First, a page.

On past Simchas Torah I spoke in my synagogue, Kahal Bnei Matisyahu, in Flatbush, Brooklyn, on the topic of “Our Takeaway From Simchas Torah and the Entire Yomim Noraim and Sukkos Season.” My revered rebbe and teacher, the gaon HaRav Dovid Kviat, zt”l – rosh yeshiva of Brooklyn’s Mirrer Yeshiva and author of Sukkas Dovid Al HaTorah, Al HaTalmud, and Al HaMo’ados – offers many insights on this topic, but for now I will mention just one one.
Rav Kviat asks what is meant by “sisu v’simchu b’Simchas Torah – rejoice and be joyous on Simchas Torah.” Why “sisu” and “simchu”? He answers that “sisu” refers to the new Torah cycle and “simchu” refers to the one that just passed. Why connect the two? Because, Rav Kviat suggests, without reflecting on what has passed, we cannot properly move forward.
Our sages (Avot 2:10) adjure us, “Shuv yom echad lifnei misatcha – Repent one day before you die.” R Eliezer (Shabbos 153a) asks: “Does a person know when he will be called before his maker? Of course not. Therefore, to fulfill this dictum, a person should repent constantly throughout his life. We tend to think that once the annual period of repentance has passed, and the slate is clean, all our worries are over. As a result, we let down our guard and unfortunately pile up fresh transgressions.
With this thought in mind, we present the following five divrei Torah by Rabbi Dr. Zecharia Senter, founder and CEO of KOF-K Kosher Supervision, a talmid of HaRav Yosef Dov Soloveitchik, zt”l, and the holder of a PhD degree in mathematics.
Confessing To Ourselves?
“To confess,” in Hebrew, is “l’hisvados” – which is a reflexive verb. Rav Yosef Dov Soloveitchik, zt”l, asked why the reflexive form is used for this verb. This form always implies that the one who does the action is also the one to whom the action is done – e.g., “l’hi’shamer” (to guard oneself), “l’hisrachatz” (to wash oneself), and “l’hislabeish” (to dress oneself).
But we don’t “confess to ourselves.” We confess to G-d! Likewise, when we pray ,we pray to G-d, not to ourselves. Why, then, do we use the reflexive verb, “l’hispallel”?
Rav Soloveitchik answered that when we genuinely and properly connect to Hashem, we actually change who we are. Our Sages say that when we daven, we should try to feel as if we are standing before the Throne of Glory. If we achieve that feeling, it will influence us. The same is true of viduy. If we say viduy properly, we not only confess our sins; we actually change ourselves.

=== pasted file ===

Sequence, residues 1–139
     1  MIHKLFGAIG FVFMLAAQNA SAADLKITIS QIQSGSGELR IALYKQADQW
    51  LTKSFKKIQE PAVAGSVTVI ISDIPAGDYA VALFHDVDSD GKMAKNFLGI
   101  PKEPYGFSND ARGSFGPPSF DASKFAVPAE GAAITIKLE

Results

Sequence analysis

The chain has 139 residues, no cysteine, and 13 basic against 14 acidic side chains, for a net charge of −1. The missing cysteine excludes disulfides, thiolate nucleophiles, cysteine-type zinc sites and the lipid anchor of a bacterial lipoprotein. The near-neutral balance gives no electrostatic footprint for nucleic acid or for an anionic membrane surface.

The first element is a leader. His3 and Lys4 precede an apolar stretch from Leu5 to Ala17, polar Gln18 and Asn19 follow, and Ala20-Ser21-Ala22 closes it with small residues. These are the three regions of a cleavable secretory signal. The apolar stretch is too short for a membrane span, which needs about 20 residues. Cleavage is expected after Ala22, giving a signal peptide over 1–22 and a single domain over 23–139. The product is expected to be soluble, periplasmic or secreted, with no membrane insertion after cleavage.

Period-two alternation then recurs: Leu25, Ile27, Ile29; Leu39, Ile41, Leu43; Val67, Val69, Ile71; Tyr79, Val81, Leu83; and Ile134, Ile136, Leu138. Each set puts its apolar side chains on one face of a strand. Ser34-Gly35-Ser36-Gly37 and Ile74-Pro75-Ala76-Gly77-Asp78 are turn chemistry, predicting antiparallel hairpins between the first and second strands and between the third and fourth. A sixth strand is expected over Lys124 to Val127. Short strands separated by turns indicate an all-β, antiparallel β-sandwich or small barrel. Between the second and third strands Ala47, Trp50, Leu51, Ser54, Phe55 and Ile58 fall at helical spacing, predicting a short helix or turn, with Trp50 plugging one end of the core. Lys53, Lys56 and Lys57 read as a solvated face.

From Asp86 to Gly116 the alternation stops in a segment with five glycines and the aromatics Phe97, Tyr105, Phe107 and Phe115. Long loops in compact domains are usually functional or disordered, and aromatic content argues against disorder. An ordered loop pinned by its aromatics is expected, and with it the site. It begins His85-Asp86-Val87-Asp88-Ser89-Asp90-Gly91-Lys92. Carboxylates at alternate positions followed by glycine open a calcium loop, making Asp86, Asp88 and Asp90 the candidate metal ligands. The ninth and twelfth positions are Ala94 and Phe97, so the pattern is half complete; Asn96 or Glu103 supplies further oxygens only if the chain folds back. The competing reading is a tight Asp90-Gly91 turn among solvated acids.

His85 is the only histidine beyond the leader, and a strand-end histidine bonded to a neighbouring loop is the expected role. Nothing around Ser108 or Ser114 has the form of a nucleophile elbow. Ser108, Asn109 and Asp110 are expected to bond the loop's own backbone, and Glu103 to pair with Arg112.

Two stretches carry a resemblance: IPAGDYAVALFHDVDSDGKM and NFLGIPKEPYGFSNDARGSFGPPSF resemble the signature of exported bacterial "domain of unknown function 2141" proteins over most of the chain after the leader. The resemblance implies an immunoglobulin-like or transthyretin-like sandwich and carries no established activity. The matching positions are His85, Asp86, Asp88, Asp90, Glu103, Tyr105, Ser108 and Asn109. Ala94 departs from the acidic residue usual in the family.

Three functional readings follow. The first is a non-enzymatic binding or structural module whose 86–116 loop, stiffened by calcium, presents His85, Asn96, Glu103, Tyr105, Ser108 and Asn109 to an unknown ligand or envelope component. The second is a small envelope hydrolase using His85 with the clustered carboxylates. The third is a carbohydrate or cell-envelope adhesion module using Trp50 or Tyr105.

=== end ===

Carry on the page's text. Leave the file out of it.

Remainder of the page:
The Rambam, in his laws of teshuvah, states that viduy must begin with the word “ana – please.” Thus, when Moshe acknowledged the sin of the Golden Calf on behalf of Klal Yisrael, he said, “Anah, chatah ha’am hazeh chatah gedolah – Please, this nation did a grievous sin” (Exodus 32:31), and when the kohen gadol would say viduy on Yom Kippur, he would begin, “Anah, Hashem, chatasi, avisi, pashati l’fanecha… – Please, Hashem, I have sinned. I have transgressed. I have committed iniquity before You…”
But how does it make sense to say “please” before acknowleding sins? Shouldn’t we reserve this word for requests – e.g., when we ask Hashem for forgiveness?
The answer is as follows: One of the hardest things in the world is acknowledging that we did wrong. The natural tendency is to hesitate or excuse oneself by saying, “It was really not my fault. Someone else is to blame!” So we say “please” before acknowledging our sins as a way of asking G-d for the ability and courage to recognize our guilt. “Please give me the inner spiritual strength to acknowledge that I have faults that need to be forgiven.”
Before we ask for forgiveness, we must ask G-d to help us look deep inside ourselves to know what we need to improve so that we will become better people.
Death Is Not Final
At Yeshiva University, I once had a position for the the High Holidays leading an adjunct minyan in the Bronx at a shul run by the father of Rabbi Hershel Schachter. I was asked to speak before Yizkor on Yom Kippur and asked my wife’s zeide, Rav Moshe Aaron Poleyeff, zt”l, for help. He told me the following: